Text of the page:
Adventures in Peru – Part Five


SGW is pleased to have received Part Five of Allen Lai’s amazing adventures in Peru. In this part, Allen visits

Guinea Pigs, Sacsayhuaman, Cusco Cathedral, Lima, Ballestas island

Passing through the Sacred Valley of the Incas famous for its scenery and archaeological sites

After fulfilling the excitement and the expectations of Machu Picchu we drove back to Cusco. We visited a guinea pig farm along the way and tried it. Well, it certainly wasn’t my cup of tea. It’s not cheap and the locals consider it a gourmet delicacy, at least for the price. For me, it tasted a bit like roast duck. But it seems everyone has a different perspective.

Not my favorite subject, but when in Rome, do as the Romans do, like tasting guinea pig
A local Cuy factory… Ranch, pot of hot water, stove…
It’s really not my cup of tea
The ancient castle of Sacsayhuamán

We also visited also the fortress of Sacsayhuamán, one of the most amazing buildings in the world. It is believed that it was built in the 15th century. The work lasted for five centuries and more than 20,000 men extracted the stones from the nearby quarries and moved them 20 kilometers to the hill of the city of Cusco. Today, it is estimated that Sacsayhuaman retains only 40 percent of its old structure. Even so, the site has structures of up to 125 tons in weight. How the Incas built Sacsayhuaman with structures of such unlikely weight and size for the time remains a mystery.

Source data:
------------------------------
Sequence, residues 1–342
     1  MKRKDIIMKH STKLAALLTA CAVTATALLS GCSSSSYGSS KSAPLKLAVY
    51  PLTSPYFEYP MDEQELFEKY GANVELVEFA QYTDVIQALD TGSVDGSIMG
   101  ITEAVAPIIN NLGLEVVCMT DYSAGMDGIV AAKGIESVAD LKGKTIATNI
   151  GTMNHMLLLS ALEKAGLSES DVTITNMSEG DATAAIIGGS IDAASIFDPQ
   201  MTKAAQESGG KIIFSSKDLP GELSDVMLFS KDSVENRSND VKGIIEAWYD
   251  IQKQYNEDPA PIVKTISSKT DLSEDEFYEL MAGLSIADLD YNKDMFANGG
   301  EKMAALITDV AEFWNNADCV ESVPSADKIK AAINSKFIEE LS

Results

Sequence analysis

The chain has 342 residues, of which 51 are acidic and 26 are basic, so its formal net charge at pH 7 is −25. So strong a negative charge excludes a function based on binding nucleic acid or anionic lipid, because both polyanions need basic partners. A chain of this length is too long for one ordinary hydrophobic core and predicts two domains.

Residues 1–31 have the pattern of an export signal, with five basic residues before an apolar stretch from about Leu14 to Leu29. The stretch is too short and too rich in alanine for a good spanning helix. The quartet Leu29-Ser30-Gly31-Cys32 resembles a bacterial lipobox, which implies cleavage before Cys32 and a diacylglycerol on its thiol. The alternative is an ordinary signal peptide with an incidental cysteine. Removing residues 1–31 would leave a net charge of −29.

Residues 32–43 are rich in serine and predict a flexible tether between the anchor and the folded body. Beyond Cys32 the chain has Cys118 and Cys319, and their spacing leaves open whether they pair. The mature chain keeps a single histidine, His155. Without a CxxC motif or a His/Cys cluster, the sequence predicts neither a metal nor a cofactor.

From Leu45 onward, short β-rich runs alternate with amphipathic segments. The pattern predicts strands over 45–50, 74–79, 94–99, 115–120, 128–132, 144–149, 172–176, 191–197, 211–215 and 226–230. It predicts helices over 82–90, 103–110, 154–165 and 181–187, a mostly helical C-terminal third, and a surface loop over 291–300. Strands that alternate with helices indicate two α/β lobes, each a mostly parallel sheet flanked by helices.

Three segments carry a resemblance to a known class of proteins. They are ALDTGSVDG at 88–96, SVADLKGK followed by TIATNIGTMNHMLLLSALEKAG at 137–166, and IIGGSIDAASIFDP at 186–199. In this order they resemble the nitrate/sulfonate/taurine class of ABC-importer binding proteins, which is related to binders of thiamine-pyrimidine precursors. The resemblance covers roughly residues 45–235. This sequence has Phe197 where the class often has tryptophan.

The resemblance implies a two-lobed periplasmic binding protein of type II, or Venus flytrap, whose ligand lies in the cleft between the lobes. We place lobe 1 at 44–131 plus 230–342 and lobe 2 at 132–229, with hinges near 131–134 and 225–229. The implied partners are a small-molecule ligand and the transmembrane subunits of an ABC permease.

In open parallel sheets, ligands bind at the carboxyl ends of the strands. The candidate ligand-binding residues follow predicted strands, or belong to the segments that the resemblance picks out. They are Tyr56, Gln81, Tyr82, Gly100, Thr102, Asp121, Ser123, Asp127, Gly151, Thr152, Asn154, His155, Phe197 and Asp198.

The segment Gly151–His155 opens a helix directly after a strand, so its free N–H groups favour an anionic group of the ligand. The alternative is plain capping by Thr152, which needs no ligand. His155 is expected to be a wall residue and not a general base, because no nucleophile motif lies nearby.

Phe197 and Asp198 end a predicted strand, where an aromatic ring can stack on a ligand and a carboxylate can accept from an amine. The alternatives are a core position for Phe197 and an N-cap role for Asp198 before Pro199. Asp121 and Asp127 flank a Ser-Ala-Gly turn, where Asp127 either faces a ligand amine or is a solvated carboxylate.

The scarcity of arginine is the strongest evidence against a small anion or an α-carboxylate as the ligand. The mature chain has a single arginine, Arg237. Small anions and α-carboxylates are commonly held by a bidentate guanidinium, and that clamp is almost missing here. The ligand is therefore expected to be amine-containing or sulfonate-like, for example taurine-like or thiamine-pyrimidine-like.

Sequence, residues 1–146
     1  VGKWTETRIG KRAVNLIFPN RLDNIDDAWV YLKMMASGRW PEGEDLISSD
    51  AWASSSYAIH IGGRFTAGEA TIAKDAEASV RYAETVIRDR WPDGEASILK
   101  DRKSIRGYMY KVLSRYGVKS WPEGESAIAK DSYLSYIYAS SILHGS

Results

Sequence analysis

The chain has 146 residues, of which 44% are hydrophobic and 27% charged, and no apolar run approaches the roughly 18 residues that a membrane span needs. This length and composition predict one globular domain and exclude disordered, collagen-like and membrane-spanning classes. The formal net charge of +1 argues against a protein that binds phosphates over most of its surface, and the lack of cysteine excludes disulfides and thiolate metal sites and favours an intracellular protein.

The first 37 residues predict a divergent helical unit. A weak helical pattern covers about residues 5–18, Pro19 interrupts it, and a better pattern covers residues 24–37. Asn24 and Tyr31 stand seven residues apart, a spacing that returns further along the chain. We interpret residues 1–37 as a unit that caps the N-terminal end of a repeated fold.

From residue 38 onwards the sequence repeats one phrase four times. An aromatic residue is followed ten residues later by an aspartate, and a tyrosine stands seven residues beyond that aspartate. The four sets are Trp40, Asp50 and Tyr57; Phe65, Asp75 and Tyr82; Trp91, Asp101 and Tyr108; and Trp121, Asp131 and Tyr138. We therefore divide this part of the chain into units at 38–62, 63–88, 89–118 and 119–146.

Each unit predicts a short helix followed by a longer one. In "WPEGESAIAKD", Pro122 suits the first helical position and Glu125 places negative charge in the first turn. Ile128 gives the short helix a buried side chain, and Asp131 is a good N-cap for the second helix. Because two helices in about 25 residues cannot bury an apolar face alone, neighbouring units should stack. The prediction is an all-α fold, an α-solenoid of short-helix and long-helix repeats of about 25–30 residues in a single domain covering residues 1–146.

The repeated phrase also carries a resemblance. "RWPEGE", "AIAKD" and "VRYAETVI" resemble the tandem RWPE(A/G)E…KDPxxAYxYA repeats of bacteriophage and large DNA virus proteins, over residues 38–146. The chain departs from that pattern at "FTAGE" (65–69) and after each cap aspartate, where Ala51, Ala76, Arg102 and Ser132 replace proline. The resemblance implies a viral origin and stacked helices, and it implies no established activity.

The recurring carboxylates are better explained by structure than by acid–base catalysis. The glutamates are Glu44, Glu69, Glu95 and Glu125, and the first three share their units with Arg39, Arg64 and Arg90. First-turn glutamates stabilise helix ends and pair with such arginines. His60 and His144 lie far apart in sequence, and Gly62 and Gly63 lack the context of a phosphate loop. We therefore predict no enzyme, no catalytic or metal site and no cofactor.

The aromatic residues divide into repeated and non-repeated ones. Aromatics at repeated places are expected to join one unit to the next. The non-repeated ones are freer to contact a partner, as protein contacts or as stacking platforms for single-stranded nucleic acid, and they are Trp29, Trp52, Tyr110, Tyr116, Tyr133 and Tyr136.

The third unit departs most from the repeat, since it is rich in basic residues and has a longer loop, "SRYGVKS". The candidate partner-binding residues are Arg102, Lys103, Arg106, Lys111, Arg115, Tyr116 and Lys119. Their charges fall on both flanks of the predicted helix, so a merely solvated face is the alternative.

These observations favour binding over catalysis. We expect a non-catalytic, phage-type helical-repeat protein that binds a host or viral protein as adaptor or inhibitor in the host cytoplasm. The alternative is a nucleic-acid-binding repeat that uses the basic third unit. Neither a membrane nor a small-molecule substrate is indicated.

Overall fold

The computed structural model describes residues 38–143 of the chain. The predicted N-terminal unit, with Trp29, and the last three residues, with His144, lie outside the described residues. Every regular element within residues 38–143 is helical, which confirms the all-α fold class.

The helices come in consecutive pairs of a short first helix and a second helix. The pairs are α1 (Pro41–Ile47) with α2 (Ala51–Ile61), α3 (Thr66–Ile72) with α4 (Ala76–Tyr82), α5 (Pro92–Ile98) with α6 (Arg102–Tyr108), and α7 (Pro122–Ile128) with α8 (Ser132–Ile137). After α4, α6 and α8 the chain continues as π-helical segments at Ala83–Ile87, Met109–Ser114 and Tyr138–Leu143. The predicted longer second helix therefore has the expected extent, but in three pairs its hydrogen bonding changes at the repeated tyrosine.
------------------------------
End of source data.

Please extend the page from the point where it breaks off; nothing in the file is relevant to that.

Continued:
Amazing stone structure
It’s still a mystery as to how they managed to transport, cut, and stack these gigantic rocks
Overlooking Cusco
Back to the famous Cusco cathedral

Back at Cusco, we visited the Cusco cathedral. It has splendid altars of both Renaissance and Baroque styles and neoclassical styles. Its carved wooden pulpit and the choir stalls are magnificent works of Cusco craftsmanship. There is also an important collection of paintings from the Cusco school including works by famous painters, among which, they created a unique “Last Supper” in which the main dish is a roast guinea pig.